If I want to be remembered as a writer, I need to step up my production of fictional books.
I am not talking about writing fiction, though that probably wouldn’t hurt. No, what I need to be unforgettable are books that no one can read because they don’t actually exist.
Some of my favorite books exist merely as titles, jokes and plot points. I would really love to read Hogwarts, A History just so Hermione’s not the only one who’s read it. A book over 1000 pages has got to have more in it than convenient plot complications like the inability to Apparate on the grounds. Sure, it glosses over the darker bits like bigotry and the Rotfang Conspiracy, but there’s got to be something in there about how much it costs to heat the place in the winter, and how they managed to outfit the castle with indoor plumbing if it’s protected with Muggle repelling charms.
Despite the horrifying implications of The Nine Doors to the Kingdom of Shadows, I am intrigued by the puzzle revealed in its illustrations. The fact that I can never actually hold a copy of this occult text does nothing to quench the desire to look upon it with mine own eyes. Believe me, I want to see it just for the illustrations, I don’t have any designs on opening a portal to hell.
Non-existent rare occult books seem to hold a special fascination for me, perhaps because they seem so much better than the ones that really exist. Maybe it’s because I’m reminded that one of the most famous such books, The Necronomicon, is very likely the most famous book Lovecraft never wrote.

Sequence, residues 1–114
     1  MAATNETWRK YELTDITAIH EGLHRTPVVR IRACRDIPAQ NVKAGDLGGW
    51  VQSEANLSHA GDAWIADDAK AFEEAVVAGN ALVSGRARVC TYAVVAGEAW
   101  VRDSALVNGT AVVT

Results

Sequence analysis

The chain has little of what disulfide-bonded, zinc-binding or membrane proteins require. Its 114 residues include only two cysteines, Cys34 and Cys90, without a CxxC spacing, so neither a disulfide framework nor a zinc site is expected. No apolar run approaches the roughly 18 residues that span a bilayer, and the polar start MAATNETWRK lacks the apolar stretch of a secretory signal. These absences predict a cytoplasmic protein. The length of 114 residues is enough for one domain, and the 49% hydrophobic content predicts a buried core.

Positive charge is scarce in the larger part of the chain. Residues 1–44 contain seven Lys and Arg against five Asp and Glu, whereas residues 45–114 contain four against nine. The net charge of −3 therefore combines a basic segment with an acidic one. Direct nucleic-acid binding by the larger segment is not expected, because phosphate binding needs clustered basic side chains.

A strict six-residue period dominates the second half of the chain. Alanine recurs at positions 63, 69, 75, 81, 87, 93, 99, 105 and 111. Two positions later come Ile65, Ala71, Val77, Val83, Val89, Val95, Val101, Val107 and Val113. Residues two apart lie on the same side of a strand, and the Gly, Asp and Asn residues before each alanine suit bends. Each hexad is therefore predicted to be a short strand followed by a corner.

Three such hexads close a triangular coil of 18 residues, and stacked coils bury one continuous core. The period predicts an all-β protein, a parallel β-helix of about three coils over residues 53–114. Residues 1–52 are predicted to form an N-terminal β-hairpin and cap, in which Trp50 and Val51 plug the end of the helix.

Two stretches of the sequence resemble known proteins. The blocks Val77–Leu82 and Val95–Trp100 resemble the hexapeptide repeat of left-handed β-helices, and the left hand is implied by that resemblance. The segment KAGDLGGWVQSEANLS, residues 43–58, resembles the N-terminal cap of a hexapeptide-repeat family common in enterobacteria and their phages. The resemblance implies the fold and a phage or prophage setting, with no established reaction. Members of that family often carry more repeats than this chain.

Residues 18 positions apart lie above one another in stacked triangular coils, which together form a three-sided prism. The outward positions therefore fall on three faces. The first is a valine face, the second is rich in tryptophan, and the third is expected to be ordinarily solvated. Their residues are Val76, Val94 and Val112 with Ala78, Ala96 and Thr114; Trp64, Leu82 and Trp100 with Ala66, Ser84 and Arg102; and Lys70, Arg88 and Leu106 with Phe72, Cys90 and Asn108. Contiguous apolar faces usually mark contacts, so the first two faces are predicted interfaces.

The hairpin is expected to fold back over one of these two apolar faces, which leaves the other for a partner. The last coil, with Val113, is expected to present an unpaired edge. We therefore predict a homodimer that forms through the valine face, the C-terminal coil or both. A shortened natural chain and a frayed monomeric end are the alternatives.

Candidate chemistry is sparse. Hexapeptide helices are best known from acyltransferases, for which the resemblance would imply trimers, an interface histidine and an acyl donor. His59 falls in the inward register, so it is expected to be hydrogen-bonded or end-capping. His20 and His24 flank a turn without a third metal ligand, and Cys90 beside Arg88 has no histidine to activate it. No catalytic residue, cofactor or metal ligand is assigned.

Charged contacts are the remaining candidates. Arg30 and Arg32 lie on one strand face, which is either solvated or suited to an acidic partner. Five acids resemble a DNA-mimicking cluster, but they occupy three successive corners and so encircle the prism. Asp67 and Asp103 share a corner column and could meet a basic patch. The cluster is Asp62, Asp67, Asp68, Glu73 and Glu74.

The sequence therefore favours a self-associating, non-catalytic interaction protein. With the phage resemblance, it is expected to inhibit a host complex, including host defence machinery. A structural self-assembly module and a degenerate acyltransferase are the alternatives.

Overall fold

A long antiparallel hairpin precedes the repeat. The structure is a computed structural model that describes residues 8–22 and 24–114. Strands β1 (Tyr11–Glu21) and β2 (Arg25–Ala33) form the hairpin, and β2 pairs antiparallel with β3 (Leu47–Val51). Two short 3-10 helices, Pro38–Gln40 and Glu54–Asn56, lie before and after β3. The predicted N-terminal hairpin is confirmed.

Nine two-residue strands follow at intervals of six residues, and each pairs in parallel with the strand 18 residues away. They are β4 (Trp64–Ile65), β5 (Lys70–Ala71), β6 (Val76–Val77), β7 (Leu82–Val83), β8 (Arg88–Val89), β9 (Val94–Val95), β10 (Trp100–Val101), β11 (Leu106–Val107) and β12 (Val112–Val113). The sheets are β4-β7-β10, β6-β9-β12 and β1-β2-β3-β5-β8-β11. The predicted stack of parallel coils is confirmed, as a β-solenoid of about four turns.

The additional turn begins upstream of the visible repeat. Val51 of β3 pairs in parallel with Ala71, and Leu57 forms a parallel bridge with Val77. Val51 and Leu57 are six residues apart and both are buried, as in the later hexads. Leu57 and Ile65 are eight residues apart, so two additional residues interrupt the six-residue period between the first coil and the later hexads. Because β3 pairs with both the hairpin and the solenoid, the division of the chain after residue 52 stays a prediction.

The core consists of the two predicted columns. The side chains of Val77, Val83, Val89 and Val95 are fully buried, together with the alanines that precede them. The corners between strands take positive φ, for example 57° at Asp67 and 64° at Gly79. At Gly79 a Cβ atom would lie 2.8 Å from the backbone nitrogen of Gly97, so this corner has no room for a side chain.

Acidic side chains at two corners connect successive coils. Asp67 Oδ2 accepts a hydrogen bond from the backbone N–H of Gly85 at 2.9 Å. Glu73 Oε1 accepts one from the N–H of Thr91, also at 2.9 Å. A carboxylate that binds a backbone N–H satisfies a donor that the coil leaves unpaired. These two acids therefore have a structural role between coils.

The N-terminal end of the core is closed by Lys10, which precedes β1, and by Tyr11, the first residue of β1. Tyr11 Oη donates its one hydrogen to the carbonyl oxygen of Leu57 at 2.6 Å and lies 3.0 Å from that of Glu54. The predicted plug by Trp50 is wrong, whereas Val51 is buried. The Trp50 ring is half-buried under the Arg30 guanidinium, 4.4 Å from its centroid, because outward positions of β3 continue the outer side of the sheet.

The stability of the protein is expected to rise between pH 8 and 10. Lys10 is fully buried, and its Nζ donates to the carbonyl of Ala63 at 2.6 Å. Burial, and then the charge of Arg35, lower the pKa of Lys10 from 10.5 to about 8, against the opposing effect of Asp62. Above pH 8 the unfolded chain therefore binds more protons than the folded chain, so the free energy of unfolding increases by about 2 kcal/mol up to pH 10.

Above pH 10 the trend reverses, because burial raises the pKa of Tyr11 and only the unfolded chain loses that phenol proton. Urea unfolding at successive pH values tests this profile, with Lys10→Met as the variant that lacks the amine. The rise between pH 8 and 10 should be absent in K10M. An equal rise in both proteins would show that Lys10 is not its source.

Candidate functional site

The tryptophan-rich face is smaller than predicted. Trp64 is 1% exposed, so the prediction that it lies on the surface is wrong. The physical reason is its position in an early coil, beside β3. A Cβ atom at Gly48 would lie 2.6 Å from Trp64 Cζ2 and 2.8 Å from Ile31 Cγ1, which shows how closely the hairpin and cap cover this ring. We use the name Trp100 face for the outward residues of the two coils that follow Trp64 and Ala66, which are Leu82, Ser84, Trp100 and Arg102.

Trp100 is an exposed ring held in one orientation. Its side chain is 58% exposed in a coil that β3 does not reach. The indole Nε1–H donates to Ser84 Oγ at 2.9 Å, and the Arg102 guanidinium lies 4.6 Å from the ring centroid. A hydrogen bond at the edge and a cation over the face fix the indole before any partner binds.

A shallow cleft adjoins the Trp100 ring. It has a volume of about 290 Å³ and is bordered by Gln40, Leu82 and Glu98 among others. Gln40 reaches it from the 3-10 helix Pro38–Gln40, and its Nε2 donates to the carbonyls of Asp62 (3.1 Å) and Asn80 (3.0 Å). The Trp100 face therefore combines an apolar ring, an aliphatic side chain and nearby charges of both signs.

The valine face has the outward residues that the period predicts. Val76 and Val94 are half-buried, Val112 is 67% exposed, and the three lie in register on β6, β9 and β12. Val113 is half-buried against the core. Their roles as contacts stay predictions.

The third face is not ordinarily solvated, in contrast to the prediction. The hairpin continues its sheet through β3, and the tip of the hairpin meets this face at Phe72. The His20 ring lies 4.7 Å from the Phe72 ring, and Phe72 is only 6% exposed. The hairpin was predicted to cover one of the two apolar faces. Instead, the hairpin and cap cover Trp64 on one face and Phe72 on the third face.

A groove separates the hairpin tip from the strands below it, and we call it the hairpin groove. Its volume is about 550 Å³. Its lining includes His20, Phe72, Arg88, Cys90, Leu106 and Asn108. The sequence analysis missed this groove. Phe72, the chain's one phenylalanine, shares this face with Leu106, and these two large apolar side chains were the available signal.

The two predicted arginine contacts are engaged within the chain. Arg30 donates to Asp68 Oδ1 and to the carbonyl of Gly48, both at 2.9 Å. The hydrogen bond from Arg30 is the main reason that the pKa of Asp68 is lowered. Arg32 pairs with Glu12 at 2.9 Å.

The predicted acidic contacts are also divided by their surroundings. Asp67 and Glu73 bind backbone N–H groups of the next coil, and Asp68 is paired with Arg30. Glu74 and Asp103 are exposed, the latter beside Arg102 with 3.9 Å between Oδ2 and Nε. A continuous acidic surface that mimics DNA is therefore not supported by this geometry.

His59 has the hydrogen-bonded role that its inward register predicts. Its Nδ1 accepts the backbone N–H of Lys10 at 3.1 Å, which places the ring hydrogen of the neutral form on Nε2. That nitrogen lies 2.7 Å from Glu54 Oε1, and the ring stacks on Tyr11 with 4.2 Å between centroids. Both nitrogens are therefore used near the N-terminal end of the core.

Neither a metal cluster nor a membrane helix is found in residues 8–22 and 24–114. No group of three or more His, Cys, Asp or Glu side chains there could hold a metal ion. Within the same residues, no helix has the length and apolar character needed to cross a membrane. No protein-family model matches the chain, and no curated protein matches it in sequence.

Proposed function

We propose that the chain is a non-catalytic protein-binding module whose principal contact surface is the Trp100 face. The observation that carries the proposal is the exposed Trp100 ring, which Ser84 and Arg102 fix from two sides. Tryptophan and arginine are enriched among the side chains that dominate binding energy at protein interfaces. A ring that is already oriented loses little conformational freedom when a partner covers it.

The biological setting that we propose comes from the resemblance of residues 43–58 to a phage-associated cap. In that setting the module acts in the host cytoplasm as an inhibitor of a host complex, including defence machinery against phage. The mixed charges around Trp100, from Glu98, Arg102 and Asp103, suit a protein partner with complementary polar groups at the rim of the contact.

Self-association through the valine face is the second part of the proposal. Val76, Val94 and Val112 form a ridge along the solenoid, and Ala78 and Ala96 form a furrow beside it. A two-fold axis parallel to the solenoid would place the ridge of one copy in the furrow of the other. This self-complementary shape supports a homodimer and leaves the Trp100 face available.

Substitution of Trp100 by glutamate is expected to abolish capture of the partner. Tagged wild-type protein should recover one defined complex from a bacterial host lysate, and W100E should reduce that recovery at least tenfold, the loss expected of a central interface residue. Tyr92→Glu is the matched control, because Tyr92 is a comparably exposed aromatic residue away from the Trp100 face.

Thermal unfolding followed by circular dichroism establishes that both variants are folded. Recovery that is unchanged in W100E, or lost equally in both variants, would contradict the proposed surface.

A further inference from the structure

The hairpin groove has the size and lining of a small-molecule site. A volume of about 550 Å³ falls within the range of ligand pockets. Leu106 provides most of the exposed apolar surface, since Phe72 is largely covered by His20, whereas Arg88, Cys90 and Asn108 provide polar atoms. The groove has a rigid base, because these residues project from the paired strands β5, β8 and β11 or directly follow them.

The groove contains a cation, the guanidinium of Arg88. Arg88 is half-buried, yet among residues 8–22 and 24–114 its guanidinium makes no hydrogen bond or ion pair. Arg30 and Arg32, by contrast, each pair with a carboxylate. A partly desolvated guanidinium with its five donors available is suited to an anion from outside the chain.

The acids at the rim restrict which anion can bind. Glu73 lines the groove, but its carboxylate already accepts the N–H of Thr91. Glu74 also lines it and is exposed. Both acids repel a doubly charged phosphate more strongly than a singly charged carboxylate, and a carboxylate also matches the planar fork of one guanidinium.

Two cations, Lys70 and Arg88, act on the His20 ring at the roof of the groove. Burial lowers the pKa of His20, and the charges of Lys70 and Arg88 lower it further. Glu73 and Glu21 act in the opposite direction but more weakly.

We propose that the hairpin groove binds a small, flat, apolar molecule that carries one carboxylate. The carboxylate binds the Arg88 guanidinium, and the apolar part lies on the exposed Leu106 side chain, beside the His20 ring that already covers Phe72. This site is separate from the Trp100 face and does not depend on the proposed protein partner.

The manuscript which outlined a story of a vast medieval library where lived a copy of Aristotle’s lost treatise on Comedy? How I wish that Eco hadn’t ever even hinted that such a manuscript was anything other than a figment of his imagination.
Novels about the power a book can hold over a reader are a particularly compelling subject for authors. Most authors have felt that enchantment themselves, and creating characters who fall under the spell of a rare and wondrous volume is much more like writing fact than fiction, even if the book that captures their character’s imagination is completely and totally fake.
In truth, those fake books become perfect in our imaginations.
There’s little chance that any of these books could live up to the perfection they have attained in our minds. The reality of them is bound to be a disappointment.
If books that don’t exist can achieve perfection, all I need to do is convince you of the importance of my book, The Lost Cemetery. It was a very small printing about a decade ago, published under a pseudonym. I don’t even have a copy myself.
The Lost Cemetery is a compelling thriller which focuses on the lost burial place of John the Baptist. As many scholars know, his grave is rumored to hold the secret to a code hidden in the inscriptions on first century tombs. The cemetery code is discovered by intrepid librarian Sally Harris, who tries to follow the MacGuffin trail straight to the books saved by Ptolemaic priests from the lost library of Alexandria.
If you do find a copy of The Lost Cemetery, beware. Almost everyone who has read the book has died a mysterious death, which is not entirely my fault. You have been warned.